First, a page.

During my first semester in college, I lived about two miles from campus in an apartment. A high, well-trimmed hedge eclipsed my building from the house next door. It was difficult to get a clear view of my neighbor Alex's house. In fact, the only sign of life was the occasional bark of a dog.
Whenever I heard these infrequent canine greetings, I thought of two tracking dogs my father owned when we lived in Kenya, which he used for finding wounded animals. The dogs would help him follow the signs of fresh blood or only three footprints so he could care for and release the animals back into the woods.
One day I asked my father why he took care of wild animals. He looked me straight in the eyes and said, ''They are my closest neighbors, and yours, too. If I help them in time of need, they will help me too when the time comes. They will protect me and my own family.''
Then he told me about a time when my elder sister was not yet 2 and had disappeared one day from under my parents' watchful gaze. After a desperate search, they found her under a neighbor's building that rested on concrete pillars three feet above the ground. She was busy scooping soil with her feeding cup and pouring it onto a 16-foot python.
The snake had protectively coiled three times around her, leaving enough room for her to play. When my mother called my sister and showed her a bottle of milk, she simply crawled over the reptile and came to Mother unharmed. Such protection convinced my father that what he was doing was right and for a good cause.
From my father, I learned how to regard animals as neighbors, but my mother taught me the significance of being a good neighbor to people.
''A neighbor,'' she once told me, ''is the closest person to you no matter where you are.'' I also learned from her that it was my duty to speak to my neighbor, but not until I had given him or her the first opportunity to make contact.
It had been nearly a month since I moved into my new apartment. None of the neighbors had made any attempt to introduce themselves to me, and I decided it was time I did something about the situation.
I went to work on a natural-history class project wondering what would be the best way to introduce myself.
The project involved observing all the wildlife in an 10-by-20-foot area of the woods that had been marked off with red ribbons. This was my natural-history class garden - a garden from which I was to learn how life unfolds. The instructions were to spend two hours a week observing and recording all that I saw, heard, felt, or smelled in the area regarding animals, plants, birds, and insects.
Setting aside thoughts about my neighbor, I got to work on the assignment. Within two hours, all aspects of the project but one - listening - were complete. I sat down in the middle of the garden, closed my eyes as if to meditate, and listened. I was not long in that position when I heard a sound, which I knew from childhood experience was the sound only an animal in a hurry or one in new territory would make. It was the crack of a dry, wooden stick snapping in two, a sound no animal would make under no rmal conditions without grave consequences. My father used to call it the betrayal sound.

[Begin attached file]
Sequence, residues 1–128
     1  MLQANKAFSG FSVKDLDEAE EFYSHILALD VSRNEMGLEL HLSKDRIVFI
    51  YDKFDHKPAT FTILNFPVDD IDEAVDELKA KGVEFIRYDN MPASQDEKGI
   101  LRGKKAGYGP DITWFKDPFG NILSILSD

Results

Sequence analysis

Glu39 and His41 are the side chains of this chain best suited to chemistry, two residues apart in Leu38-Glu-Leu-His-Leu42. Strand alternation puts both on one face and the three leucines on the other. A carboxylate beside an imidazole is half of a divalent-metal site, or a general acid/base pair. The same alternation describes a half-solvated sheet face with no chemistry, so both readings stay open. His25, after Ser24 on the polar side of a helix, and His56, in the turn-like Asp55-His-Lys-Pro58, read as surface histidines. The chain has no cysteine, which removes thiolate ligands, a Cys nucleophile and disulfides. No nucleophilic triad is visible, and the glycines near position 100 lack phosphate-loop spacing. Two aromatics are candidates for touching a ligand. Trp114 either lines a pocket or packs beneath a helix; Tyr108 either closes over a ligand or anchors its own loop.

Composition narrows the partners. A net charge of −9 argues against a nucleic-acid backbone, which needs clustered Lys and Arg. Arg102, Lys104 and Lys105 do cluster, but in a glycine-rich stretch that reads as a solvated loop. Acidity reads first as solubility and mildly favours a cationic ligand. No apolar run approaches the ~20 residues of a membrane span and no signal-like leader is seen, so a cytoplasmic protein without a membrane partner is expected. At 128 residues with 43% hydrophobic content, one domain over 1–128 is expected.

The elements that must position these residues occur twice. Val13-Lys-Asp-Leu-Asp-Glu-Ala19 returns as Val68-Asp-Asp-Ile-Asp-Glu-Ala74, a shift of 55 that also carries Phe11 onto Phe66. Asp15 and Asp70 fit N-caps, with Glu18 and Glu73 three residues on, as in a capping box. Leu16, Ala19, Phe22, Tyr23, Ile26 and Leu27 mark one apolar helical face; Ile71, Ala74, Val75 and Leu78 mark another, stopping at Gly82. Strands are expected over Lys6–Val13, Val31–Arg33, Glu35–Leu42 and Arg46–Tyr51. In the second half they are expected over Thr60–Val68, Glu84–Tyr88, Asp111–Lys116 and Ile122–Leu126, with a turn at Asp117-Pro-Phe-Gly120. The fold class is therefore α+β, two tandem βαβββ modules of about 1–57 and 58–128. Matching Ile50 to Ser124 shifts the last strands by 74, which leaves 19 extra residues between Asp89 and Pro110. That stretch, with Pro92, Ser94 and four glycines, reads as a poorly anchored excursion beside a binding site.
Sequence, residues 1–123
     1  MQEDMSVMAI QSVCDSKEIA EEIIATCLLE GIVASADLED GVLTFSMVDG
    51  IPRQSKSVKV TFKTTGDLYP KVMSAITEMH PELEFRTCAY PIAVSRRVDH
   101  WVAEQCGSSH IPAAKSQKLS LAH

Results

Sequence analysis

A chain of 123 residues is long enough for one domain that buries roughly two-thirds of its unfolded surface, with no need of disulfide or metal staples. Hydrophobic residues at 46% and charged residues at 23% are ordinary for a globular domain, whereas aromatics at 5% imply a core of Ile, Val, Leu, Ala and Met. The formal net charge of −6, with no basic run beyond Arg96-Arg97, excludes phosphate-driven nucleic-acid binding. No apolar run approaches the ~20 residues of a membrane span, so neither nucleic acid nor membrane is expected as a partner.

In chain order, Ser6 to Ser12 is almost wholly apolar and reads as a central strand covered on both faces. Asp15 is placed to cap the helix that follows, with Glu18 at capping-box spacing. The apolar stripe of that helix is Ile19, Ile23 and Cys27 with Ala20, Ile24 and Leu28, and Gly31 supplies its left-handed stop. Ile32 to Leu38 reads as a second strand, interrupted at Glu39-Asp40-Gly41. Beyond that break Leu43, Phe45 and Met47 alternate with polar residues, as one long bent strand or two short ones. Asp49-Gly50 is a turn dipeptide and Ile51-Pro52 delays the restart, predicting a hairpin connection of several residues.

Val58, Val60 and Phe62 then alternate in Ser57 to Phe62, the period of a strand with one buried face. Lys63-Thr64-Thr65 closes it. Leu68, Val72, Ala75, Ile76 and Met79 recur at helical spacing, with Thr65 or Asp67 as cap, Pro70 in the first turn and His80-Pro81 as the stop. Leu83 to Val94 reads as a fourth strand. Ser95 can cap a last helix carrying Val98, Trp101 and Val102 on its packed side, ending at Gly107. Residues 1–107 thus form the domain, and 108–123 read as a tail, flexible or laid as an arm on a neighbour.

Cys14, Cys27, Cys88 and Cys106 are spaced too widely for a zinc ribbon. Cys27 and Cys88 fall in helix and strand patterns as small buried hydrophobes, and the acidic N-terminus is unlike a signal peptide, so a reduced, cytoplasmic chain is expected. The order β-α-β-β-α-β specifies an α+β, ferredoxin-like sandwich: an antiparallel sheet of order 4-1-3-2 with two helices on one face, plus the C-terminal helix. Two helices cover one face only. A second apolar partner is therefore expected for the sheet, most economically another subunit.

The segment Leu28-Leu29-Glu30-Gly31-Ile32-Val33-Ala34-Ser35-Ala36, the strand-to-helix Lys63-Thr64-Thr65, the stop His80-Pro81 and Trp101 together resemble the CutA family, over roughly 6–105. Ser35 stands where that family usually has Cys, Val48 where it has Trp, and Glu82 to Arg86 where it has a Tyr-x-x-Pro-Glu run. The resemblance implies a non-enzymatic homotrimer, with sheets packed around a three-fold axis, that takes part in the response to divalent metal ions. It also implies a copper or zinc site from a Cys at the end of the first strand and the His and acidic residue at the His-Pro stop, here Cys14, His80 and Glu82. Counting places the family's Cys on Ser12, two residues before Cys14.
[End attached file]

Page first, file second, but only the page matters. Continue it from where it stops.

I stood up and looked around. Nothing was visible. I sat down again and resumed my work. Within a few minutes I heard another sound. This time it was the sound of an animal running full speed toward me. I opened my eyes just in time to see two wet paws landing on my chest, throwing my back to the ground.
Although the attack was sudden, I still had my wits. I remembered from childhood that the best way to win a battle with an animal was to stop struggling and surrender. I kept my body still and my eyes open. When all was quiet, I studied my captor. He was a big gray dog with a blue ribbon around his neck. Someone's pet, I realized. Grabbing him by the ribbon, I pushed him off me without letting him get away.
In case someone was looking for him, I didn't want him to run off again. I fashioned a leash by sliding my belt through the ribbon and decided to take him home with me.
By the time I got home, it was nightfall. I called a few people I knew on campus and described the dog to them. No one seemed to know either the dog or the owner. I was tempted to give up when I thought to call my natural-history professor. After a moment's hesitation, he said the description fitted Alex's dog. I was thrilled! At last, I had an opportunity, not only to speak to my next door neighbor, but also to meet him.
I phoned Alex immediately and told him that I had found his dog. He was delighted and insisted on coming to get Chanon himself, even though I offered to return the dog to his house. Alex said he had been wanting to visit with me for a long time, but was waiting for a reason to do it. Now that Chanon had provided the opportunity, it would be unthinkable to let it pass.
Alex came over and brought two friends who had helped look for Chanon that afternoon. For the first time in a month, Alex and I met. We sat and chatted as neighbors for almost an hour.
The dog was a necessary link; it brought us together. It was the beginning of a long friendship that Alex and I continue to enjoy even though we now live thousands of miles apart.